Amnesty’s argument at the Ecowas court included this: ‘By employing policies of exclusion and other punishments on the basis of pregnancy, the State unjustly confers all responsibility on girls for their … pregnancy and fails to account for its lack of compliance with states’ ‘due diligence’ obligations to prevent, investigate and punish sexual violence and to ensure access to sexual and reproductive health information, services and goods, including access to modern contraception and safe and legal abortion services.’
It was also common for teachers to ‘ascertain’ whether girls were pregnant and thus to be excluded from school. This they did by touching girls’ stomach and breasts or forcing them to take urine tests. Where this was forced on girls without their consent ‘it amounts to gender-based violence and a violation of pregnant girls’ bodily integrity.’
‘Notably, only pregnant girls are subjected to non-consensual groping and pregnancy testing and subsequent exclusion from school and exams. Boys are not subjected to similar or analogous cruel, inhuman or degrading treatment or denied the right to education in relation to a suspected pregnancy, even if they played some role in the pregnancy.’
The government’s argument on the other hand has been that if pregnant girls attended regular school it would tire them. The girls would also be exposed to ridicule. Also, it would ‘encourage’ other girls ‘to get pregnant’.
Not good examples
On the occasion of the 30th anniversary of Sierra Leone’s signing of the UN Convention on the Rights of the Child, that country’s President Julius Bio said, ‘My government will not allow pregnant girls to attend school for them not to influence other girls as they are not good examples to be followed by young girls in school. We had little divergence of opinions on whether pregnant school girls should go to school. I have not seen that anywhere in the world.’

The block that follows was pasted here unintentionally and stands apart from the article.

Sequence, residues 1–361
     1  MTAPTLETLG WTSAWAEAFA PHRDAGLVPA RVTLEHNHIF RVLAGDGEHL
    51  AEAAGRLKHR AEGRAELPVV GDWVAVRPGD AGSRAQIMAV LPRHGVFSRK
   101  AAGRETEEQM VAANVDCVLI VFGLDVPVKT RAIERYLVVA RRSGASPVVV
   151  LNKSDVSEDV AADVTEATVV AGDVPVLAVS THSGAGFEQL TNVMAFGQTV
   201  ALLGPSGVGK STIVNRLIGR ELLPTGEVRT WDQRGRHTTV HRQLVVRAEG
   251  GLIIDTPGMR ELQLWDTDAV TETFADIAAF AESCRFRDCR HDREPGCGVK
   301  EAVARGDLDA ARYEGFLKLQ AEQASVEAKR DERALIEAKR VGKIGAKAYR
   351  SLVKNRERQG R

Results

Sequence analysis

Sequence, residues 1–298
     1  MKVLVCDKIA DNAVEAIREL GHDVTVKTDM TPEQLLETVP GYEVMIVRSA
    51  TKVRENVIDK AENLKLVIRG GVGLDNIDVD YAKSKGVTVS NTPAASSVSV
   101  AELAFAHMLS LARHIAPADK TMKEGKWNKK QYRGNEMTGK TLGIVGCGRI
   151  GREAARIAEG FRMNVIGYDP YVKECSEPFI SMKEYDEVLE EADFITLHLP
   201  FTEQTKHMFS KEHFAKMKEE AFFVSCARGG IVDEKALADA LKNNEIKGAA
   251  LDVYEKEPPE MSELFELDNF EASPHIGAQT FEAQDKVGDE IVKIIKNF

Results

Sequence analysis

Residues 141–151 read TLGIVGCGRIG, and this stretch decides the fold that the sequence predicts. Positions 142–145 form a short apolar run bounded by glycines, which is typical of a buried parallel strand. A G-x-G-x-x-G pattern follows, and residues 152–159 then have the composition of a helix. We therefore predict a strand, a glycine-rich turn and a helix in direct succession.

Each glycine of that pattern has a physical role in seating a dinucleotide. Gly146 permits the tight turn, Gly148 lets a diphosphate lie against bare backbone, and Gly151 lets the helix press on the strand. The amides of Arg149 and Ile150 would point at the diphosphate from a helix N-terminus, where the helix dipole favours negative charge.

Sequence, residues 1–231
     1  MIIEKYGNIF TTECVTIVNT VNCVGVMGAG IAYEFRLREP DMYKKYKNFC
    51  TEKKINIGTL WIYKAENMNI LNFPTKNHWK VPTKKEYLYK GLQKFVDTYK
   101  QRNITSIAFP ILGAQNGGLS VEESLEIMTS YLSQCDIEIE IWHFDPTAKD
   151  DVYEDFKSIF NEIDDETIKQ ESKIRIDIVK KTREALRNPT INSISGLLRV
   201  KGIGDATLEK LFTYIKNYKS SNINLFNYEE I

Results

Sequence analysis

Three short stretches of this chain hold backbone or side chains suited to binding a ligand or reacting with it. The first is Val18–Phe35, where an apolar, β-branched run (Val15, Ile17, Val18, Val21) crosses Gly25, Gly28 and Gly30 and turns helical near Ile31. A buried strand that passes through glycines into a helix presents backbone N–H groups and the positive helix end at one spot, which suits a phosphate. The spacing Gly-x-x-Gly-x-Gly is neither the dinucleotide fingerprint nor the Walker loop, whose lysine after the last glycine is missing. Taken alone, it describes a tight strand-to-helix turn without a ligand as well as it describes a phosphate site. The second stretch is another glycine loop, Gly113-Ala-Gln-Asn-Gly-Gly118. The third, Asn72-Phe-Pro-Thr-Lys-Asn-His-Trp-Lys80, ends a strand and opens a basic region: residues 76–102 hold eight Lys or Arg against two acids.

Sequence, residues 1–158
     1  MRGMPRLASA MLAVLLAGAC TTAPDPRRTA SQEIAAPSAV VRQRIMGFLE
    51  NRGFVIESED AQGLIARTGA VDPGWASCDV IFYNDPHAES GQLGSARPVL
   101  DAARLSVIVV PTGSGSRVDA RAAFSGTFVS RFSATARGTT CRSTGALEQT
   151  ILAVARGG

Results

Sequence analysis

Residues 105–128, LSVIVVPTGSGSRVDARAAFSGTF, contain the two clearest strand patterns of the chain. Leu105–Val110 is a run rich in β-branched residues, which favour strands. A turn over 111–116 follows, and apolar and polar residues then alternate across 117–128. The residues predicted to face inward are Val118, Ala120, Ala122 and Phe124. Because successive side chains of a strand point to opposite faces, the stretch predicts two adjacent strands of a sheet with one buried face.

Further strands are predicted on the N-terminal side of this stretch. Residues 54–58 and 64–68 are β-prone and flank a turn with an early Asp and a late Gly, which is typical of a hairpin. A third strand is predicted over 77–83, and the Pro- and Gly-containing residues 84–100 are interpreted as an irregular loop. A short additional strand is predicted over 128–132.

Some months before the court delivered its decision, however, Reuters reported on a school that defied the ban, and allowed a pregnant girl to continue attending normal classes, with the support of the school principal. This is so far the only known example of where the ban was ignored.
It is not yet known how the government will respond to today's decision, but it had been highly reluctant to be involved in the matter at the Ecowas court: in May 2019, the court fined Sierre Leone $10 000 for late filing of its defence in the case.
The issues raised by the Sierra Leone ban have deep and complex roots, often very similar to those in other African countries. But though this is the first time that a regional court has given its view on the issue, domestic courts have had to grapple with it in the past.
A 1995 decision by Botswana’s Court of Appeal held a similar rule applying to students at the teachers’ training college was unfairly discriminatory since it involved a ‘purely punitive’ purpose.
The Supreme Court of Zimbabwe has also expressed itself on exclusionary rules based on pregnancy. In 1999 its judges held that such a policy amounted to gender based discrimination and was against public policy.
South Africa’s Constitutional Court has similarly found such rules to be unconstitutional and that they violated the right to freedom of discrimination and to education.
Other cases from Latin America have resulted in a similar outcome.
Read the written heads of argument by Amnesty International, admitted as a friend of the court in this case.